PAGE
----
Amalgam fillings are the dental term for metal fillings. These were once the standard for filling a cavity. They were often called silver fillings, but they’re not made of pure silver. Amalgam is a mixture of mercury and other metals like copper, tin and silver. Both the American Dental Association and the FDA say that the mercury in these fillings poses no threat to health, even though mercury vapor can be released from them. Several countries have banned amalgam fillings outright. Tooth-colored composite fillings, which are composed of a type of resin that is hardened with a special light, are the more common filling material used today.

The Problem with Mercury

Even if the mercury isn’t a health threat, there is still another problem with the mercury in them. This element is very sensitive to changes in temperature. Mercury can expand and contract in response to the hot and cold liquids and foods you consume. That’s why mercury was once used in oral thermometers. Placed in the mouth, the mercury in the thermometer’s glass tube reacted to the temperature there and gave a reading in a marked vertical column. An amalgam filling in a tooth, especially if it’s large, can expand enough over time to actually crack a tooth. If this happens, a crown may be required to repair the damage. Over time, the amalgam filling can also pull away from the edges of the cavity hole and allow food and bacteria to enter, causing a cavity to begin again in the existing tooth structure.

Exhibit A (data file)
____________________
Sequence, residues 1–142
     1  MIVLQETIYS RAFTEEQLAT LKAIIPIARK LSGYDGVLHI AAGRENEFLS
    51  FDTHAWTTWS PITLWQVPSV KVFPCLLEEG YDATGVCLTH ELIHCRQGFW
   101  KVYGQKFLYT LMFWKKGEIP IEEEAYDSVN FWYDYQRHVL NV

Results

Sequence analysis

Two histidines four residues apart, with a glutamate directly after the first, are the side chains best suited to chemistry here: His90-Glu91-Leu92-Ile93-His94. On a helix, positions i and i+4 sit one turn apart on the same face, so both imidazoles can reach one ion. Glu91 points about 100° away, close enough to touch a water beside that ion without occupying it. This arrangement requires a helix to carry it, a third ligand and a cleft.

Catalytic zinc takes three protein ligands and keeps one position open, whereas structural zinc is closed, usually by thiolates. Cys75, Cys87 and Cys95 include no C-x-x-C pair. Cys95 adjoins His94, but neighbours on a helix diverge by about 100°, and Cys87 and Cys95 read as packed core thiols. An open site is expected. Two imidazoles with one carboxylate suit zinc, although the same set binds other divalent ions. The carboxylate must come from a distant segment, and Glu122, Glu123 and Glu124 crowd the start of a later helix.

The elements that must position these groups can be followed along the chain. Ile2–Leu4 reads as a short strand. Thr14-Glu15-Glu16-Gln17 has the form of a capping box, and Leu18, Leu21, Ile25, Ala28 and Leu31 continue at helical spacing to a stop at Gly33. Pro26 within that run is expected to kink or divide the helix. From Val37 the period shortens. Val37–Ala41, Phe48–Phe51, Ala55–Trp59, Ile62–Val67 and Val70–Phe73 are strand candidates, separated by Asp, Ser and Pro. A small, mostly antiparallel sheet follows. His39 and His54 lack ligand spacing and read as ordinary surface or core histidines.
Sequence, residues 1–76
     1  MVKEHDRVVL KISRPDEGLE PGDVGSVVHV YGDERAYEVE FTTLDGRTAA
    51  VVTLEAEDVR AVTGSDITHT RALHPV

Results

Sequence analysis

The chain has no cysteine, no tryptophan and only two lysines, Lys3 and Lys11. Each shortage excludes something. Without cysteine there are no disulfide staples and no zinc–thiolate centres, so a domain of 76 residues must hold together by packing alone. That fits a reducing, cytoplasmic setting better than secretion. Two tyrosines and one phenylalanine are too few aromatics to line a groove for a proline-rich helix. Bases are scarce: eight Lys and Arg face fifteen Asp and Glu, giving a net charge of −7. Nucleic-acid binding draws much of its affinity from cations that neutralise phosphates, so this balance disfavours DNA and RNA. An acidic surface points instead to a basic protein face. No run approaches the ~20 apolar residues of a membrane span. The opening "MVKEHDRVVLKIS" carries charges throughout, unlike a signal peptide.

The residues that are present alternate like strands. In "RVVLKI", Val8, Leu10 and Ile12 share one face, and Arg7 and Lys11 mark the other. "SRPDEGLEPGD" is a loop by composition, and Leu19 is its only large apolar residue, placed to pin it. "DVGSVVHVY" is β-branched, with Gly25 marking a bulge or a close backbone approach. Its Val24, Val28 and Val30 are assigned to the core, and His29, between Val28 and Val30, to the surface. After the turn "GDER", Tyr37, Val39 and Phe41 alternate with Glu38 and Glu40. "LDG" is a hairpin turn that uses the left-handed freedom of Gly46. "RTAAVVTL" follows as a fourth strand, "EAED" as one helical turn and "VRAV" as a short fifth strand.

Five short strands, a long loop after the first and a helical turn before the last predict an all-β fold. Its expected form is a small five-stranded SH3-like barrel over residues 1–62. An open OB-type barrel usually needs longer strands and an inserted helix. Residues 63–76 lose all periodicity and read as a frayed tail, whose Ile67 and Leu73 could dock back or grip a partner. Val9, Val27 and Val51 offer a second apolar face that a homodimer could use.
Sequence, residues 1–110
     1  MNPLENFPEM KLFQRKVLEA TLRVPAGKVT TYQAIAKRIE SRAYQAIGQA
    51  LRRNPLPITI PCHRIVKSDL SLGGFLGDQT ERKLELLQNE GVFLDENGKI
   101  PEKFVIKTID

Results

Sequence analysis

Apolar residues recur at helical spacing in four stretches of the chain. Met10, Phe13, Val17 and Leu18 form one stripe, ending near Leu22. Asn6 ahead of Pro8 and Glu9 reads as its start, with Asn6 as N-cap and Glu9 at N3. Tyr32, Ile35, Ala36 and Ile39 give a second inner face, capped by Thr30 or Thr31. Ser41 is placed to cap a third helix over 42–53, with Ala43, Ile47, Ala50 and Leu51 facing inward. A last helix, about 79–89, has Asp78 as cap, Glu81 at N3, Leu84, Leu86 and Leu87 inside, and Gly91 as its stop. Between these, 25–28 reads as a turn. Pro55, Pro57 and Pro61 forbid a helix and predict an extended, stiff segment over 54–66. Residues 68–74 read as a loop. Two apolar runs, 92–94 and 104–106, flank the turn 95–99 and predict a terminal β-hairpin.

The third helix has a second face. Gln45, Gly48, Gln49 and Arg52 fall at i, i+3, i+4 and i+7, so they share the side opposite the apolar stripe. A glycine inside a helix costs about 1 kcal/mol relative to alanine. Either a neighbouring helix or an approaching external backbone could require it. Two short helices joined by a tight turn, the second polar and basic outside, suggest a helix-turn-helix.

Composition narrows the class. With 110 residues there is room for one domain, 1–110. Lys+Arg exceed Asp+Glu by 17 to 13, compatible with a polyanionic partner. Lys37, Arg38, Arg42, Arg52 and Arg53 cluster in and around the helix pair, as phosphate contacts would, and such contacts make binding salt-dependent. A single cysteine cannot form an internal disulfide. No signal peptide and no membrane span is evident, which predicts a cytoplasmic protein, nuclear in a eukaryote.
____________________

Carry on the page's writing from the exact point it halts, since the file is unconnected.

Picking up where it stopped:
Replace Old Fillings

Amalgam fillings can be removed and replaced with composite ones at any time. This can be done as a preventative measure. There is no need to wait until the amalgam fillings cause a problem. If you have these kinds of fillings and begin to feel pain in the filled tooth, see your dentist immediately. This is also true if the tooth is sensitive to pressure, heat or cold. Some people think a filled tooth can’t be decayed, but it can.

If you’re concerned about your amalgam fillings, especially if you’re an older person with amalgams placed in childhood, speak to your dentist about replacing them with composite fillings before there’s a problem.

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